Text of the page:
A conversation with cellist, composer, and conductor Adina Spire

In 1703, Antonio Vivaldi began teaching violin at Venice’s Ospedale della Pietà girls’ orphanage—a position he would hold for nearly forty years. Renowned for its musicians, the Pietà provided Vivaldi with numerous talented pupils, including many who went on to achieve fame.

Three hundred years later, when Romania’s CeauÈ™escu regime toppled in late December 1989 and chaotic aftermath ensued, eleven-year-old cellist and composer Adina Spire abruptly found herself alone in the world. An orphanage, connected to the Bezdin Monastery outside of the western Romanian city of Arad, became her home for many years and a place that would help nurture her artistic vision.

Adina Spire

Deeply emotive and imbued with devotion, Spire’s original, avant-garde compositions and her innovative interpretations of classical and sacred works are rooted in her life experiences and identity. In addition to her Orthodox Christian upbringing, Spire’s Roma (gypsy) roots infuse so much of her music, notably the album Vivaldi Fata Tiganca (Vivaldi was a Gypsy Girl). This exquisite compilation of secular Vivaldi works plays with scurrilous historical rumors about the composer’s gender, while at the same time paying homage to his work at the Pietà.

Musical devotion

Spire playing cello as a child.

Spire began studying cello with her mother, who was Roma, at the age of four. She later learned composition from her father and then at the music school of Arad. Her time at the Bezdin Monastery orphanage exposed her to sacred music, including liturgical chants, and the world outside its doors introduced her to the sounds of Roma street musicians.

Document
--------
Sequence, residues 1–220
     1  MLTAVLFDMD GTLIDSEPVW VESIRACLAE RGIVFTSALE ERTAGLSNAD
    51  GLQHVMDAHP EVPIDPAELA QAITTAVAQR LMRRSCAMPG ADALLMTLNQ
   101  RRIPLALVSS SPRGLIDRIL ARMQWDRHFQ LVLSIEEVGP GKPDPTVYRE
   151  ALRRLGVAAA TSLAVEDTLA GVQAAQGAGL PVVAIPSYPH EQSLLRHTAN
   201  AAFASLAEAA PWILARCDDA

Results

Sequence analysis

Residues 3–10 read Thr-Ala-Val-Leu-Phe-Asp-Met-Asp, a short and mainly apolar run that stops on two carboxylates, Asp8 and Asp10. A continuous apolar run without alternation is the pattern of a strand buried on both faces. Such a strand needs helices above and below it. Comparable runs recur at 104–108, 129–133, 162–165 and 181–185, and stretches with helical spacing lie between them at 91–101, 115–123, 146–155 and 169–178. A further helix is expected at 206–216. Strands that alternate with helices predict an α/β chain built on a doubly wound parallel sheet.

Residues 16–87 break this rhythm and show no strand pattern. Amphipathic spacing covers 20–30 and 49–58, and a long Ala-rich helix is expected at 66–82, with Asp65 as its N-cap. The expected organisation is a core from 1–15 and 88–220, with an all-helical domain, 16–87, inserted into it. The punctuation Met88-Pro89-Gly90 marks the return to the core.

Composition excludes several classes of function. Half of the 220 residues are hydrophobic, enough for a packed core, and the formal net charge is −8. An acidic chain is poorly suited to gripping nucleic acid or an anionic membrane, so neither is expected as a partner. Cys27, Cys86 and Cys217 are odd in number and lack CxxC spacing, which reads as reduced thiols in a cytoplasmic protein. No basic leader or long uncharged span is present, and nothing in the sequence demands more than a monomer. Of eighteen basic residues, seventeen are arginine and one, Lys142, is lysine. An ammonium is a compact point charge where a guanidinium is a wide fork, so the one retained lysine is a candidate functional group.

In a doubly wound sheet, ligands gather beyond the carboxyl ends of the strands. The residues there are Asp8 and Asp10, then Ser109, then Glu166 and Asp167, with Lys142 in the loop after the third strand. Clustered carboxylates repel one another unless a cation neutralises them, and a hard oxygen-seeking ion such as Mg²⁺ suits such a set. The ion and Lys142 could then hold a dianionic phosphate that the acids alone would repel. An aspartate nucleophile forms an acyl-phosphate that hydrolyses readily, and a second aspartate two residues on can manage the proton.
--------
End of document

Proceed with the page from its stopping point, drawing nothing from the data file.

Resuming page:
“My approach to music is, in a first place, a devotion to music and religion,” states Spire, who believes in music’s power to communicate and effect change, both on an individual and on a collective level. For her, it is also a means of expressing her deep religious beliefs. She adds that, “[Although] it is not my primary intent, I also consider some political ideas in my work.”

“The era of the gramophone is over,” emphasizes Spire. Among her many different compositions, Spire writes film soundtrack music. She takes a cinematic, three-dimensional approach not only to composition but also to performances and recordings, which involves a “special recording technique and a non-traditional positioning of the instruments.”

Spire’s music often conveys different overlapping emotions, expressing both the human and the divine. For example, fear is layered atop faith to amplify the intensity of both emotions. During performances, she arranges the instrumentation to achieve a similar effect. “Art should…produce emotion, and when it can produce more than one at the same time that is even better,” she says. “The effect is maybe strange at first, but after getting used to it has a very deep human and spiritual sense.”